BRV then sings his Madhymawati, Anupama Sundara as we reported in our previous dispatch. We are dumbfounded by the rich timbre of his voice and his range, spanning three octaves. The taar saptak finale is simply grand.
This video was uploaded by BRV's sister. BRV is a well-known composer, having given score to a number of Malayalee movies, and eminent singers, including Yesudas have sung for him.
Conversation naturally veers around to the topic of the Raja’s painting. The Raja’s painting is egalitarian…of ‘utility’ to everybody, rich or poor, he says, without distinction of caste, creed or station in life. He thoroughed every scripture before he painted the Gods, and went by the basic common denominators, lest orthodoxy raise a finger. So much so that in the present day, the paintings are themselves pointers for the Faithful (chaddidharis excused, ha, ha…)! He had a way with faces, which are suffused with emotion and charm. But alas…BRV laments, in the original home of the painter, there is no Original. The Raja usually painted in his room on the first floor. Like a true blue Malayalee, he went all over the world, and many of his major works, particularly those of the Marathi ladies in nauwari sarees, were painted in Baroda, where he was invited by erstwhile Baroda regent Sir Madhavrao, earlier the Dewan of the Travancore state. The originals of Goddesses Saraswati and Laxmi, the Ram Durbar, the Shakuntala are among the hundreds preserved at the Baroda Heritage Art Gallery. Ravi Varma paintings are scattered as in a diaspora, and his originals are displayed in numerous galleries, like the Modern Art Gallery, New Delhi and the Sri Chithra Art Gallery, Thiruvananthapuram. The Trust under the dynamic leadership of BRV arranges retrospectives and art festivals in Kilimanoor, and is engaged in the effort to acquire at least some originals for the benefit of aficionados like CVB who are prone to visiting the Palace. Paintings by the Raja are known to command prices in crores at international auctions, BRV confides. The palace was maintained by Ravi Varma with the sale proceeds of some of his paintings says BRV…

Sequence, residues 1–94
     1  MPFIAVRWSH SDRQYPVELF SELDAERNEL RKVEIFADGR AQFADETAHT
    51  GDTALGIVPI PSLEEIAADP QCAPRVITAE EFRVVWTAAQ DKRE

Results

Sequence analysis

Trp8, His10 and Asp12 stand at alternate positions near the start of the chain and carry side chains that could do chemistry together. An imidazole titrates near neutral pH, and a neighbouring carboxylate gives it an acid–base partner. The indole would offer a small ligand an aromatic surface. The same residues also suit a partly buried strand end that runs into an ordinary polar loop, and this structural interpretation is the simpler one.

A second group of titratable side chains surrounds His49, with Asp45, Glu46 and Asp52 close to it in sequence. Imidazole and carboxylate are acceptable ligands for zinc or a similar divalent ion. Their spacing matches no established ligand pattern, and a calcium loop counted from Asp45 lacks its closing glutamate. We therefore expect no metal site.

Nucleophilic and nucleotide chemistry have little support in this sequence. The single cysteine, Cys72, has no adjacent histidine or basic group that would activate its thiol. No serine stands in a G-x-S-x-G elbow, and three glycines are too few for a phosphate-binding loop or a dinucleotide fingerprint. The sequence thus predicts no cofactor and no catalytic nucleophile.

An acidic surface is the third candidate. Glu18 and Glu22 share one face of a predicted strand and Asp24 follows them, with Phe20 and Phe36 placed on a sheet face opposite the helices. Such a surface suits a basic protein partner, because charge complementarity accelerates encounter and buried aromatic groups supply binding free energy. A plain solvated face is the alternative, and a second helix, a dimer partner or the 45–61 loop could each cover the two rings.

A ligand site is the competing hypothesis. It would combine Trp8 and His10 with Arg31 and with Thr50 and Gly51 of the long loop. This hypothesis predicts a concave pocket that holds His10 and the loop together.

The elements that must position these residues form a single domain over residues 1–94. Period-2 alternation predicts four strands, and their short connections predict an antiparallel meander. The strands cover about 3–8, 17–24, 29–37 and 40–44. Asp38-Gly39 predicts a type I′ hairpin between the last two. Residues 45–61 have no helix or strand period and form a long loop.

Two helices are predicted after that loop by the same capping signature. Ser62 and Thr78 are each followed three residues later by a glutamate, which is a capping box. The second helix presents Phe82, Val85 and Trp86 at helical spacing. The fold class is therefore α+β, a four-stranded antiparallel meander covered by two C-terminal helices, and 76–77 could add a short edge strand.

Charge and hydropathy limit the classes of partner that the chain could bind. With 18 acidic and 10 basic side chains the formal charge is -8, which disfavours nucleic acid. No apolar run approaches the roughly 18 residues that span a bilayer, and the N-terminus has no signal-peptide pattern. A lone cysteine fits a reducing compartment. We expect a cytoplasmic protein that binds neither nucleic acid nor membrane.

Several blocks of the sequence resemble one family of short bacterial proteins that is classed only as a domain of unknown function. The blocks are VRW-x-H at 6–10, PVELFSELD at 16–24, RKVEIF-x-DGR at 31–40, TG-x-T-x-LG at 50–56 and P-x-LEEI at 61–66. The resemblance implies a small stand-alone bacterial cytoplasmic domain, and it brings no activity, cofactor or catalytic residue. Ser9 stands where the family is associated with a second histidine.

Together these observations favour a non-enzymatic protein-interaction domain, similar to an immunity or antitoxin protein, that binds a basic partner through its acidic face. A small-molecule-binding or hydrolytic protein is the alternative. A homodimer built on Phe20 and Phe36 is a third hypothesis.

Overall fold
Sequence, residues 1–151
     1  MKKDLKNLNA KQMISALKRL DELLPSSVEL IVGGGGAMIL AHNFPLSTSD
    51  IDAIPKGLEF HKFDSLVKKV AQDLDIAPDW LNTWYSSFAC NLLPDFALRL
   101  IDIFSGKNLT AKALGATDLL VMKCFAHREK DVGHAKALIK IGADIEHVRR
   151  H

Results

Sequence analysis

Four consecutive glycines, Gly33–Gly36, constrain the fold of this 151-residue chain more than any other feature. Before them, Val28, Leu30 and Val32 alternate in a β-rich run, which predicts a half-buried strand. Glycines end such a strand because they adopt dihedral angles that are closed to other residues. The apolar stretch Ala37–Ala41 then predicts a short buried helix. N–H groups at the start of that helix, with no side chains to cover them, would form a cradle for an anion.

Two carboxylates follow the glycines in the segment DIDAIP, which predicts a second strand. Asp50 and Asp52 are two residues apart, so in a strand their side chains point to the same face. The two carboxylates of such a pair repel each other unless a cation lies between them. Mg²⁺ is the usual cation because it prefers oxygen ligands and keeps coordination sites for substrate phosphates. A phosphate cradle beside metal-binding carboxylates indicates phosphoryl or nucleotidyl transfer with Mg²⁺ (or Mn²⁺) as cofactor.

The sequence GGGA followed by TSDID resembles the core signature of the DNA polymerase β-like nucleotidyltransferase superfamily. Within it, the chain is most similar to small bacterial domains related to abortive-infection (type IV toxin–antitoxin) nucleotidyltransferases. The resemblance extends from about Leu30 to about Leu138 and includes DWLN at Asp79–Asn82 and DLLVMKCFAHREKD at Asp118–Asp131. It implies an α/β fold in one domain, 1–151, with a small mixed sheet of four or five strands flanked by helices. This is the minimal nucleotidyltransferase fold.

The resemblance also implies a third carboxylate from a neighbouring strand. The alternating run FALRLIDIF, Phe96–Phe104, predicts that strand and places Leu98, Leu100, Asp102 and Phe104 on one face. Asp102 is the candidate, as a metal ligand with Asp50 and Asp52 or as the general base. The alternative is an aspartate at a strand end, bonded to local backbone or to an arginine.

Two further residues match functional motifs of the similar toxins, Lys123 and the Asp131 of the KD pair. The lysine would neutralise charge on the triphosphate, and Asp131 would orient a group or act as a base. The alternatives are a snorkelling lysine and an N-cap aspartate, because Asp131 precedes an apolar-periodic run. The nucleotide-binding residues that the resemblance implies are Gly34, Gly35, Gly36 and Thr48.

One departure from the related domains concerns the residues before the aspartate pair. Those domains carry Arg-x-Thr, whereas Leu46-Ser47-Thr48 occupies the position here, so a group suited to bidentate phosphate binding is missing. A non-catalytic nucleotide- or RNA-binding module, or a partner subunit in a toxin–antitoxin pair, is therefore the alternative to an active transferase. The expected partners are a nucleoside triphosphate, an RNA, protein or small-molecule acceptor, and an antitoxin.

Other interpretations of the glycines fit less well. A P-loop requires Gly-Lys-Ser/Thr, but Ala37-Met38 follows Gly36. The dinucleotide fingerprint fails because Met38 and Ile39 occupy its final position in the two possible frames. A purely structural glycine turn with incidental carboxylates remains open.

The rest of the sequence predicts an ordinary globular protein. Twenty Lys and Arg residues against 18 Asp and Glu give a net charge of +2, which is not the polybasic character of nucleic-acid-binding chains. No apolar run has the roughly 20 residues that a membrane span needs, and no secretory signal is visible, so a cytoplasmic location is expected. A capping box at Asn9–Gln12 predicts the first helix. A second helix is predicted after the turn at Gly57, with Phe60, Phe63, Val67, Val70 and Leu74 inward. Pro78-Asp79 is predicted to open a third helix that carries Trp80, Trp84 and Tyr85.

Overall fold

|LIVING QUARTERS AND OFFICE|
Finally, he takes us on a guided tour of the palace (built circa 1753). We are shown the place where pujas were performed (kaavu) and only family could enter-you know- the caste requisites were more stringent in Kerala than anywhere else…We love the small mandapam with carved doors and arches for windows, which BRV says has hosted the greatest musicians of present day India.
And finally, in spite of our words of dissuation, the Prince, in all grace and modesty, accompanies us right upto Sreebesh's Honda City and we wave a warm mutual good-bye...Senior and Junior are duly updated about the day’s events with the anticipated seasoning. Senior’s tribute to YT for the industry demonstrated by us in tracking down the Painter to the Nation’s abode makes our day: “All sorts of things happen when you are around Dad!” says he…